In order to justify its actions in the present, ISIS has to be seen as continually expanding in this phase, with initiative and momentum on its side. They have become bogged down of late in Iraq and Syria, expanding more slowly and without enough drama to keep recruits dazzled enough to join them in the large numbers they need. The solution? Claim an expansion that they don’t really have, and produce a horrifying enough video to shock everyone into initially not noticing that the claim may be unsupportable. Plus, this allows ISIS to propagandize actual Islamist terror militias in Libya to convince them to align with al-Baghdadi as Caliph — a sort of self-fulfilling prophecy.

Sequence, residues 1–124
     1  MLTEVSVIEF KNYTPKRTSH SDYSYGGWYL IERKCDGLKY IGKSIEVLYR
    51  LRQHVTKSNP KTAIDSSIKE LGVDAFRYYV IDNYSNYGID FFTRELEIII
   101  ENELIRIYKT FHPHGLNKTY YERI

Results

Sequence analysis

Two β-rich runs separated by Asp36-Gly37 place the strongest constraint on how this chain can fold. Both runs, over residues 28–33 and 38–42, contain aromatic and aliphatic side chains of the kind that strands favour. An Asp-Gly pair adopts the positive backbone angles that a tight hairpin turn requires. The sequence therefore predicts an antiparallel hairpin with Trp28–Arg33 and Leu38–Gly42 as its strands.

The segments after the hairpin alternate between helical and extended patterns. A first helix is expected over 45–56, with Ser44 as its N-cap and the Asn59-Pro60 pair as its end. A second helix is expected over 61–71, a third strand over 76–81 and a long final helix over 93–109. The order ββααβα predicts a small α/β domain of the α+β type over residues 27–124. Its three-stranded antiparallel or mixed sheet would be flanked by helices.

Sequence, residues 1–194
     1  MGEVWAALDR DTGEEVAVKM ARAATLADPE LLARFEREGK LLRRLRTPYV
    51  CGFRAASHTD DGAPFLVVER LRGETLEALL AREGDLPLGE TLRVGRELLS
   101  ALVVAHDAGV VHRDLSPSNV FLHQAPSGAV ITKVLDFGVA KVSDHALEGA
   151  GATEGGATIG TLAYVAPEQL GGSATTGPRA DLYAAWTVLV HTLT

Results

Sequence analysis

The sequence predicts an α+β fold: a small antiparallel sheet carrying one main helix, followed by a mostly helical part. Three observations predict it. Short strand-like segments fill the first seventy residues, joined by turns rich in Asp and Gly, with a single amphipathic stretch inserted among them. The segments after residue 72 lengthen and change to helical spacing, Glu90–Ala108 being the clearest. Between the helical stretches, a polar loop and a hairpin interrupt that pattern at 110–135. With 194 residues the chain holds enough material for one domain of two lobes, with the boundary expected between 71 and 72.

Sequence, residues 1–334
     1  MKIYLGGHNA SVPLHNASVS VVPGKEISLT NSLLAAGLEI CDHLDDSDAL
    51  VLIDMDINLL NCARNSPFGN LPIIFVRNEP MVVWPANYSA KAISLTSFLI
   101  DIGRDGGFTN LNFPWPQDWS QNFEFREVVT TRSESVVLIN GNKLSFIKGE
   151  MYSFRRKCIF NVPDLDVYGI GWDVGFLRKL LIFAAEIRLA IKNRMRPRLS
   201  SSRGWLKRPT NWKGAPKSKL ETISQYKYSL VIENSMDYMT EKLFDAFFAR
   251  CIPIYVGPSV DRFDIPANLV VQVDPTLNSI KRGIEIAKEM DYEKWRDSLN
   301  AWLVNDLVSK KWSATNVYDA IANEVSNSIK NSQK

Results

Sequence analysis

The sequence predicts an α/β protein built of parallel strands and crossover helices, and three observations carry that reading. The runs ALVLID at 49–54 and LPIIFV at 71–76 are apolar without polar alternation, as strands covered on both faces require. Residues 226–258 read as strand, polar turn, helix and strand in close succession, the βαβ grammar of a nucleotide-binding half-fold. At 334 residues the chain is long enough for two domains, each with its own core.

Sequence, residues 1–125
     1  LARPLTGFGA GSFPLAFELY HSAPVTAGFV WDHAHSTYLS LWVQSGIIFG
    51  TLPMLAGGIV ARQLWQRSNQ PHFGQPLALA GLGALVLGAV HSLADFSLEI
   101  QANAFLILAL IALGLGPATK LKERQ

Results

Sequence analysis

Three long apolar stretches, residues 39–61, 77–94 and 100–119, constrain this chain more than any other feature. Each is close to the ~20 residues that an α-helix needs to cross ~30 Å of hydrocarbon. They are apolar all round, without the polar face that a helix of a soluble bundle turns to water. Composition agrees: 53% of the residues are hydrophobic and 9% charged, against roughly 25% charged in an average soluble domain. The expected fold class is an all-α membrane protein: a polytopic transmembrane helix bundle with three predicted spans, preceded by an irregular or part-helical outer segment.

However, that doesn’t mean that the experts are confirmed to be correct, either. There seems to be enough anomalies in the video to question the location, but the location hasn’t been definitively debunked either. Plus, the question of how 21 Christians from Egypt ended up anywhere but in Libya has yet to be answered, and their identities and deaths have been confirmed. It’s still possible that the executions took place in Libya, but not on the shore. Regardless, the security threat of the failed Libyan state remains, as does the threat from ISIS, even if they are not yet one and the same.